Definitions of constitute

  1. To compose or make up; appoint; elect; enact; establish. The Winston Simplified Dictionary. By William Dodge Lewis, Edgar Arthur Singer. Published 1919.
  2. To set up: to establish: to form or compose: to appoint. The american dictionary of the english language. By Daniel Lyons. Published 1899.
  3. To establish; cause to be; compose; appoint. The Clarendon dictionary. By William Hand Browne, Samuel Stehman Haldeman. Published 1894.
  4. To make up; frame; compose. The Concise Standard Dictionary of the English Language. By James Champlin Fernald. Published 1919.
  5. To establish; enact; appoint. The Concise Standard Dictionary of the English Language. By James Champlin Fernald. Published 1919.
  6. form or compose; "This money is my only income"; "The stone wall was the backdrop for the performance"; "These constitute my entire belonging"; "The children made up the chorus"; "This sum represents my entire income for a year"; "These few men comprise his entire army" Wordnet Dictionary DB
  7. To cause to stand; to establish; to enact. Newage Dictionary DB
  8. To make up; to compose; to form. Newage Dictionary DB
  9. To appoint, depute, or elect to an office; to make and empower. Newage Dictionary DB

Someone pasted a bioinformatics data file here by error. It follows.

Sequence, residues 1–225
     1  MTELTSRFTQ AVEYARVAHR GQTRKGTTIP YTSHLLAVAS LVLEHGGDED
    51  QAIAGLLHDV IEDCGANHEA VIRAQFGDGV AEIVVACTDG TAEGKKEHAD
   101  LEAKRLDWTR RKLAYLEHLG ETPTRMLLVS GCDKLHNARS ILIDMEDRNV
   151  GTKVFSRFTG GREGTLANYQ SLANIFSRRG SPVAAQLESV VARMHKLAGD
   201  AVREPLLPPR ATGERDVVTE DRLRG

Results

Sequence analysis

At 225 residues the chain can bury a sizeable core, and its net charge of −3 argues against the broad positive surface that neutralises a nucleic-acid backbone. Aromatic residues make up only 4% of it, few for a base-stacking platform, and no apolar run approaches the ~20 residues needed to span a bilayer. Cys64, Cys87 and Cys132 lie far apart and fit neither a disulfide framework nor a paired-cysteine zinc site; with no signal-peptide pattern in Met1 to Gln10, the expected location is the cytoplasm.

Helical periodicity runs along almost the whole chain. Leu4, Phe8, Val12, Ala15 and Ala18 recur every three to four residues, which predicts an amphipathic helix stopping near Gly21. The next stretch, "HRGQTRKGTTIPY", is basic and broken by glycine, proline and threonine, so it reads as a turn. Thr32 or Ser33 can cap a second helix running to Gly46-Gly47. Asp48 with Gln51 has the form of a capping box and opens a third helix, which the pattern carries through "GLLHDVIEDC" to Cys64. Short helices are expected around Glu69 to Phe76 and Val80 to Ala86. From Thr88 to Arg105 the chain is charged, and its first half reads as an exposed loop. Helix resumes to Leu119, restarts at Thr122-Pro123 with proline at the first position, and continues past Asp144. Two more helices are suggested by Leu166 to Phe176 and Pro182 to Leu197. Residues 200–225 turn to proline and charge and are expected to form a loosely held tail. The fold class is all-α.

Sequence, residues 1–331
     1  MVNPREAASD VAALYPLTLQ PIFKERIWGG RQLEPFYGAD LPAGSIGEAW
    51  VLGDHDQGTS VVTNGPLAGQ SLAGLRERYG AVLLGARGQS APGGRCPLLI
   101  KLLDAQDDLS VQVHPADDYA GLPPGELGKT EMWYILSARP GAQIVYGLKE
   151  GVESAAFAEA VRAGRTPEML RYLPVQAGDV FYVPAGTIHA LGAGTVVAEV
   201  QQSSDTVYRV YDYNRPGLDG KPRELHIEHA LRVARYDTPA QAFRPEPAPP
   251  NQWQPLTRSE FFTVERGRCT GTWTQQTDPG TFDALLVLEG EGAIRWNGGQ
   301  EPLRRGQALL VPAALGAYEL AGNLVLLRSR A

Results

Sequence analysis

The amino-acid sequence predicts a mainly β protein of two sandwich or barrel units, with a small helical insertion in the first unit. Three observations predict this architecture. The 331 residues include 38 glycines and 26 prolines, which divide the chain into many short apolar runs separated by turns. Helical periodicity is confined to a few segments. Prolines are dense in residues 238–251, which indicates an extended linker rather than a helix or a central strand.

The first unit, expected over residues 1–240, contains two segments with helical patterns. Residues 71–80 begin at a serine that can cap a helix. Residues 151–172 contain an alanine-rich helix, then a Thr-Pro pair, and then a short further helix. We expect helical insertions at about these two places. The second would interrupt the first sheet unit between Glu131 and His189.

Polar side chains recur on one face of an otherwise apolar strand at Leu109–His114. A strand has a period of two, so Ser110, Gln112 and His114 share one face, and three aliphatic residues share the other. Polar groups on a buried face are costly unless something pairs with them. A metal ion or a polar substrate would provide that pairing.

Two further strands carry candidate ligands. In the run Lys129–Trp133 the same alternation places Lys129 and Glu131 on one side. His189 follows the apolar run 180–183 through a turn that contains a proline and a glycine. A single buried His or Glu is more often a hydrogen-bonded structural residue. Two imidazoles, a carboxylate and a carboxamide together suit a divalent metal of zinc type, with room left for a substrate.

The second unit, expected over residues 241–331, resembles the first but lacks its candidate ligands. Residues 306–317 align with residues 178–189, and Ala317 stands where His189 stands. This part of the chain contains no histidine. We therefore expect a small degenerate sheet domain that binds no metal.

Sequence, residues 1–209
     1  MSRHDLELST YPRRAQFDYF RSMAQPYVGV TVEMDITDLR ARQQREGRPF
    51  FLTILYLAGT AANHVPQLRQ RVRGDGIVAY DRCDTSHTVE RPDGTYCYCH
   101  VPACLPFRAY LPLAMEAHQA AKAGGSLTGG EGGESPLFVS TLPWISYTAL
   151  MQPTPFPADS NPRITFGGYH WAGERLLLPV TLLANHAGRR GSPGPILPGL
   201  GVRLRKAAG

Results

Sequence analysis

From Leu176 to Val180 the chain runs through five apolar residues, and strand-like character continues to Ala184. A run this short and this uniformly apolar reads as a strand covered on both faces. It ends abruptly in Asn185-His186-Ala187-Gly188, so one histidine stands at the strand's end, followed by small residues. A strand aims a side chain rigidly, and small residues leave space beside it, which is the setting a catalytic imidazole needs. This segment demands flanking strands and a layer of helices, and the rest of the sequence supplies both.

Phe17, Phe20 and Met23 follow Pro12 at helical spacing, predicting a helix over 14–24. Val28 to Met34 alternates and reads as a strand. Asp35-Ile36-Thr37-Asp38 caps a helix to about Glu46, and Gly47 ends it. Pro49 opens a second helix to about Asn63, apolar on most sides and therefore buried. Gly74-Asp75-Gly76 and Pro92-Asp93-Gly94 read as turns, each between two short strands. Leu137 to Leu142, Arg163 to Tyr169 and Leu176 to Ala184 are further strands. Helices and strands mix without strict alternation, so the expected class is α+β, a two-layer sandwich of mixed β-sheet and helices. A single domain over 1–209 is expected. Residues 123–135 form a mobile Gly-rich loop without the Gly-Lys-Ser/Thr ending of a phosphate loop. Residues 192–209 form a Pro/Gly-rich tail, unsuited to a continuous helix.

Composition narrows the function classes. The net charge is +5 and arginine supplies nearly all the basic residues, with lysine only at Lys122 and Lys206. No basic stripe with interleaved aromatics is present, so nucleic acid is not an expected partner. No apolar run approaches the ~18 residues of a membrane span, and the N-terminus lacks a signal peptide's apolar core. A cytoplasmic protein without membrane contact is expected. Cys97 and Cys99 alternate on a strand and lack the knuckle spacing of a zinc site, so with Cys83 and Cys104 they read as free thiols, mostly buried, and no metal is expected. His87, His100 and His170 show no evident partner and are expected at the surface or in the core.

10. To put together; to fix; to establish; to form or compose; to make a thing what it is; to appoint or elect to an office or employment. Nuttall's Standard dictionary of the English language. By Nuttall, P.Austin. Published 1914.
  11. To set up or establish; to make; to appoint; to empower. Etymological and pronouncing dictionary of the English language. By Stormonth, James, Phelp, P. H. Published 1874.

What are the misspellings for constitute?

Usage examples for constitute

  1. The dissolved salts in it constitute 3. 4 per cent. – The Birth-Time of the World and Other Scientific Essays by J. (John) Joly
  2. Under these circumstances you would say that money was of a low value in England, and you would be correct if all men agreed to constitute labour the measure of value; but in this they do not agree, and, as we should find that at the very moment that gold was low, relatively to labour, in England, it was high relatively to manufactured commodities of every description, with which in fact gold would be purchased from India, if we took these commodities for the measure, we should be bound to say that gold was cheap in England and dear in India. – Letters of David Ricardo to Thomas Robert Malthus, 1810-1823 by David Ricardo